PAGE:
At Site Of Pittsburgh Bridge Collapse, President Joe Biden Promises To 'Fix Them All'
By: KDKA-TV News Staff
PITTSBURGH (KDKA) - Looking across the snow-covered chasm where the Fern Hollow Bridge once stood in Pittsburgh's Hazelwood neighborhood, President Joe Biden touted the $1.2 trillion bipartisan infrastructure law.
Air Force One touched down shortly before 1 p.m. for Biden's previously scheduled visit, which was thrown off course after the bridge in Frick Park collapsed hours earlier.
Biden arrived at the site of the collapse around 1:15, led by a Pittsburgh and state police motorcade. He was joined by leaders -- including Sen. Bob Casey, Gov. Tom Wolf, Lt. Gov. John Fetterman, Allegheny County Executive Rich Fitzgerald, Congressman Conor Lamb and Mayor Ed Gainey -- as he walked to the edge of the chasm.
"I've been coming to Pittsburgh a long time, and as a former Pennsylvanian. But I didn't realize there were more bridges in Pittsburgh than any other city in the world," Biden said as he stood at the edge, promising to "fix them all."
Fitzgerald told Biden it was Gainey's first month on the job, and Biden called the collapse a "christening." He also talked to first responders about what they saw when they got to the scene.
The president was previously scheduled to visit Mill 19 in Hazelwood to promote the infrastructure law. Hours before the president left for Pittsburgh, the Fern Hollow Bridge on Forbes Avenue over Frick Park collapsed into a ravine, stranding vehicles and injuring 10 people, sending four to the hospital.
The speakers began shortly after 3 p.m. Wolf, Gainey, Fitzgerald and Casey spoke before the president, highlighting the infrastructure bill needed not just to repair bridges like the Fern Hollow bridge, but to also create jobs.
Biden highlighted the infrastructure law's $1.6 billion for Pennsylvania's bridges over the next five years, saying the money will fund repairs on the collapsed bridge, which affects a major thoroughfare for residents.
"Next time, we don't need headlines saying someone was killed in a bridge collapse," Biden said when he took the podium. He vowed to rebuild the bridge and thousands of others across the country.
Biden also talked about revitalizing manufacturing, creating union jobs and strengthening the nation's supply chains, lauding job growth. He said there's been a rise in manufacturing jobs, some of which include investments by companies to start building more electric cards.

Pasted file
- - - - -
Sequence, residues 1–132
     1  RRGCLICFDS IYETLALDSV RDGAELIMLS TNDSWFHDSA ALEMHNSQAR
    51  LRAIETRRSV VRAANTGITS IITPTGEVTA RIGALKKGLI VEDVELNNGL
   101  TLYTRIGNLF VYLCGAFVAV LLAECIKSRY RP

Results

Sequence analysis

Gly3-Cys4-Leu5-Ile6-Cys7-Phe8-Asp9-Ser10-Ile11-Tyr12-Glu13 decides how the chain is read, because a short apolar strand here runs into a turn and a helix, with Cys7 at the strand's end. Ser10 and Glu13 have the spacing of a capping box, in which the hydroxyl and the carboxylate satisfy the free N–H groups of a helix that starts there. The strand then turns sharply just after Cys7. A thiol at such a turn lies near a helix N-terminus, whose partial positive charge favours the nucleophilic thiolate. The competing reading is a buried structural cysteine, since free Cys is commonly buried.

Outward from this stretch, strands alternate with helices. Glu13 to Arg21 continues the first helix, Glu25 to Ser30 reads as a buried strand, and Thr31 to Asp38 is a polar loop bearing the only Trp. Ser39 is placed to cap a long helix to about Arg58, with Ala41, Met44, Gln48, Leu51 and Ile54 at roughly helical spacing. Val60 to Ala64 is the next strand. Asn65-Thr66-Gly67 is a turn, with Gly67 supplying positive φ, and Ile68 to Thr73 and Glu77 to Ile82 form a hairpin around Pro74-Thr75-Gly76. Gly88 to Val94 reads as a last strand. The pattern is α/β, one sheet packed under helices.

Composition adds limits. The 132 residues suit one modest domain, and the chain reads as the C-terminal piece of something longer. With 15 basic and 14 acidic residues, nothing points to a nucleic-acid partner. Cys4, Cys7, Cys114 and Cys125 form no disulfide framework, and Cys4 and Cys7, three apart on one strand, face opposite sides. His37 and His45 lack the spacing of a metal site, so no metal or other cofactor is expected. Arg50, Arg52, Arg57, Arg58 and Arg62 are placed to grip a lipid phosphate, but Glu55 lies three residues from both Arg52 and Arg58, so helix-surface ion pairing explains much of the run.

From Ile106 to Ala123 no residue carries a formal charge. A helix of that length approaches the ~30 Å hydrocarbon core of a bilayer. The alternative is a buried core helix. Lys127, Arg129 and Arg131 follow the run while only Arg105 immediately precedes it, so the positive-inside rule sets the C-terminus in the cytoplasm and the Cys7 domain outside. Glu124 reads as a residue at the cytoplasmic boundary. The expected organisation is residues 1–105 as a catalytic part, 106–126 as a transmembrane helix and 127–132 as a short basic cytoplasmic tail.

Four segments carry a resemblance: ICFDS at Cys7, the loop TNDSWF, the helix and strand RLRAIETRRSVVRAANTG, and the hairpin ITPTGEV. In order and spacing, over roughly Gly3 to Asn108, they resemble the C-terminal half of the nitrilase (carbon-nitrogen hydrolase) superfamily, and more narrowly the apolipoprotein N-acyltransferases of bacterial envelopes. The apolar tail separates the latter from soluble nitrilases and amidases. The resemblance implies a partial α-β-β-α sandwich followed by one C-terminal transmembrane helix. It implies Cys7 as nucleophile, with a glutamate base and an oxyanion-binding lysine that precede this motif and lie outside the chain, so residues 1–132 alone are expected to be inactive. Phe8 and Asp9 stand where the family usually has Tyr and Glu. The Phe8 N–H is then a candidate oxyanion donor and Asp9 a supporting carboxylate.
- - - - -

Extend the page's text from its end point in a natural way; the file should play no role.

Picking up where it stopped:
He also pushed for his Build Back Better plan during his remarks.
"All of these investments in American research, development and infrastructure are really about one thing: empowering more cities and more towns to do what you're doing right here in Pittsburgh, transforming yourself from being told you're a city without a future to becoming a city of the future," he said.
He also praised Pittsburgh leaders, saying in 15 years, Pittsburgh is "going to lead the world again."
"It's not hyperbole. It's a fact," he said, pointing to how Pittsburgh has transformed itself from a city of steel manufacturing to a technology hub.
He pivoted to other infrastructure like the $857 million investment in the Montgomery Lock and Dam, which he says moves tons of goods up and down our rivers. He said we must maintain our infrastructure in order to move these goods.
"What you all know, if you don't you should know, there are another 3,300 bridges here in Pennsylvania, some of which are just as old and just as decrepit condition as that bridge was, including here in Pittsburgh, the city of bridges," President Biden said.
Despite $1.6 billion for Pennsylvania's bridges, that comes down to only about $500k per bridge.
WATCH: President Joe Biden's full speech
Biden didn't say what resources would be available for this bridge replacement. We will have to see what comes out in the upcoming days.
Information from PennDOT's site on bridge conditions listed the bridge as in an overall poor condition. The deck and superstructure were also given a poor rating while the substructure condition was satisfactory. PennDOT said while the city owns the bridge, it is still "actively engaged" in the response.
Fitzgerald called the bridge a "major artery." Many residents say they travel on it every day and say they've heard clanks but never thought a situation of this magnitude could happen.
The cause of the bridge collapse is still under investigation.
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